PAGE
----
Why "Tao"? Because no matter how I try to describe the whole business, when I look over the description, I'm pretty sure it's wrong. Therefore I call it the Tao.

One of the aspects of the Tao of Physics seems to be *locality.* (Markov neighborhoods, to be precise.) Discovering this aspect of the Tao was part of the great transition from Newtonian mechanics to relativity. Newton thought that gravity and light propagated at infinite speed, action-at-a-distance. Now that we know that everything obeys a speed limit, we know that what happens at a point in spacetime only depends on an immediate neighborhood of the immediate past.

Ever since Einstein figured out that the Tao prefers its physics local, physicists have successfully used the heuristic of prohibiting *all* action-at-a-distance in their hypotheses. We've figured out that the Tao doesn't like it. You can see how local physics would be easier to compute... though the Tao has no objection to wasting incredible amounts of computing power on things like quarks and quantum mechanics.

The Standard Model includes many fields and laws. Our physical models require many equations and postulates to write out. To the best of our current knowledge, the laws still appear, if not complicated, then not perfectly simple.

Why should *every* known behavior in physics be linear in quantum evolution, local in space and time, Charge-Parity-Time symmetrical, and conservative of probability density? I don't know, but you'd have to be pretty stupid not to notice the pattern. A single exception, in any individual behavior of physics, would destroy the generalization. It seems like too much coincidence.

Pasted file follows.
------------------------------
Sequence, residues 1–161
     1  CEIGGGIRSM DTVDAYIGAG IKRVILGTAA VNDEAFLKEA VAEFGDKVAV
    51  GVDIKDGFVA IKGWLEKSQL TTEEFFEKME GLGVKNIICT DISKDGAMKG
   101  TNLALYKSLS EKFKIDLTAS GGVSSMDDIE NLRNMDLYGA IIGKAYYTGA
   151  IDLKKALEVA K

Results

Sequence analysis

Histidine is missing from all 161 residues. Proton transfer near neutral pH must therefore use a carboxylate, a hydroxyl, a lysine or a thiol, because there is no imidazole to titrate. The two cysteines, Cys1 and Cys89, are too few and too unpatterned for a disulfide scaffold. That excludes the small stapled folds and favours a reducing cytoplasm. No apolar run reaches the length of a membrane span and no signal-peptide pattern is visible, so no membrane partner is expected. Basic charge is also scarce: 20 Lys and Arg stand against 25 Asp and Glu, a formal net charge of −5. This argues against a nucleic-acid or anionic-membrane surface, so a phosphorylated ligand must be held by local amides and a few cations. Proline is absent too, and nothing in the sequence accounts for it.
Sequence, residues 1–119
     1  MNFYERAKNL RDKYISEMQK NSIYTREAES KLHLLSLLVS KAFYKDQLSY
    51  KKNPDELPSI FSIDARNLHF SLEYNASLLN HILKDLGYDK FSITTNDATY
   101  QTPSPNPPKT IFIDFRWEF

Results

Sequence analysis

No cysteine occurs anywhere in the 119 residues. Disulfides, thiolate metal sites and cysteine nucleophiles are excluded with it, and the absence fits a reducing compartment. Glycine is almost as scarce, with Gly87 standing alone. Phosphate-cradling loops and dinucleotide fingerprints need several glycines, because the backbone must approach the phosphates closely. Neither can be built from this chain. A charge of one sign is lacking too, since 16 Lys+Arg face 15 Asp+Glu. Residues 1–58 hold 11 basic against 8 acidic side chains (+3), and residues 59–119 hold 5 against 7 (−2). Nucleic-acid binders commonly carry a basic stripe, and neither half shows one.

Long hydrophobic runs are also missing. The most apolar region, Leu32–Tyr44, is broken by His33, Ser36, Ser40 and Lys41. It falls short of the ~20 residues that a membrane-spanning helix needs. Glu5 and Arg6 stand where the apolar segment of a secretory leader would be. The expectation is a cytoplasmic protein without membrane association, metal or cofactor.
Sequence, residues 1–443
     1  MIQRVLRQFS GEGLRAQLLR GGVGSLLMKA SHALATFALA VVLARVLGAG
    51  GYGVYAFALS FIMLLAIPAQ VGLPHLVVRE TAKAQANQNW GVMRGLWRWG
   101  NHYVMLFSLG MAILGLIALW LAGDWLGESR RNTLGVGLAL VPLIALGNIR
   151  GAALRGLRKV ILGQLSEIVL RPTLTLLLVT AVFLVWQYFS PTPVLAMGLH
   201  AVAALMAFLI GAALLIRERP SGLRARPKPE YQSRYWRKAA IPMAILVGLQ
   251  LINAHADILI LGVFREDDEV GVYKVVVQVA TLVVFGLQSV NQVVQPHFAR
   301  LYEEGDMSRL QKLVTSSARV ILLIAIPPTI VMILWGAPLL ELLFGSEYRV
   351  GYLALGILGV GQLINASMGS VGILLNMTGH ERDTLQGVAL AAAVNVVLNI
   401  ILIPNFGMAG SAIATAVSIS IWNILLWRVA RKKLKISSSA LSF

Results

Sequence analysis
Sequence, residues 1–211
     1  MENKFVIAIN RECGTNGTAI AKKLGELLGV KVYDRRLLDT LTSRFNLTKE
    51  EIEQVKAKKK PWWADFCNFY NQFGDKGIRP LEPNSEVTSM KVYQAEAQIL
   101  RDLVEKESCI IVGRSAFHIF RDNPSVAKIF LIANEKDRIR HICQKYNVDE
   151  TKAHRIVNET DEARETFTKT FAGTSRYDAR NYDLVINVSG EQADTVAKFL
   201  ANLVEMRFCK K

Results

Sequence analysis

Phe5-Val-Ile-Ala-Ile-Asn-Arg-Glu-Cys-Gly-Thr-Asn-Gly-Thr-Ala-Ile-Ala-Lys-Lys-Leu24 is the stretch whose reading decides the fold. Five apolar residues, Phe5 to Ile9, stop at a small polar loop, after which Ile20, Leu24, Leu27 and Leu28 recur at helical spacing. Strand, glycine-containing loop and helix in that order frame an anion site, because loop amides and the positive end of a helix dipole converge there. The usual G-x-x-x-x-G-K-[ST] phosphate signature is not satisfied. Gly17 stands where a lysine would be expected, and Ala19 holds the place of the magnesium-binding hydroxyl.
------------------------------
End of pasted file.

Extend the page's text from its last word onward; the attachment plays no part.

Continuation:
So, yes, the position basis includes all the information of the momentum basis, and the momentum basis includes all the information of the position basis, and they give identical predictions.

But the momentum basis looks like... well, it looks like humans took the *real *laws and rewrote them in a mathematically convenient way that destroys the Tao's beloved locality.

That may be a poor way of putting it, but I don't know how else to do so.

In fact, the position basis is also not a good candidate for being *fundamentally* real, because it doesn't obey the relativistic spirit of the Tao. Talking about any particular position basis, involves choosing an arbitrary space of simultaneity. Of course, transforming your description of the universe to a different space of simultaneity, will leave all your experimental predictions exactly the same. But however the Tao of Physics wrote the real laws, it seems *really unlikely* that they're written to use Greenwich's space of simultaneity as the arbitrary standard, or whatever. Even if you can formulate a mathematically equivalent representation that uses Greenwich space, it doesn't seem likely that the Tao actually *wrote* it that way... if you see what I mean.

I wouldn't be surprised to learn that there is some known better way of looking at quantum mechanics than the position basis, some view whose mathematical components are relativistically invariant and locally causal.

But, for now, I'm going to stick with the observation that the position basis is local, and the momentum basis is not, regardless of how pretty they look side-by-side. It's not that I think the position basis is fundamental, but that it seems fundamental*er*.

The notion that every possible way of slicing up the amplitude distribution is a "basis", and every "basis" is on an equal footing, is a habit of thought from those dark ancient ages when quantum amplitudes were thought to be states of partial information.

You can slice up your *information* any way you like. When you're reorganizing your *beliefs*, the only question is whether the answers *you want* are easy to *calculate*.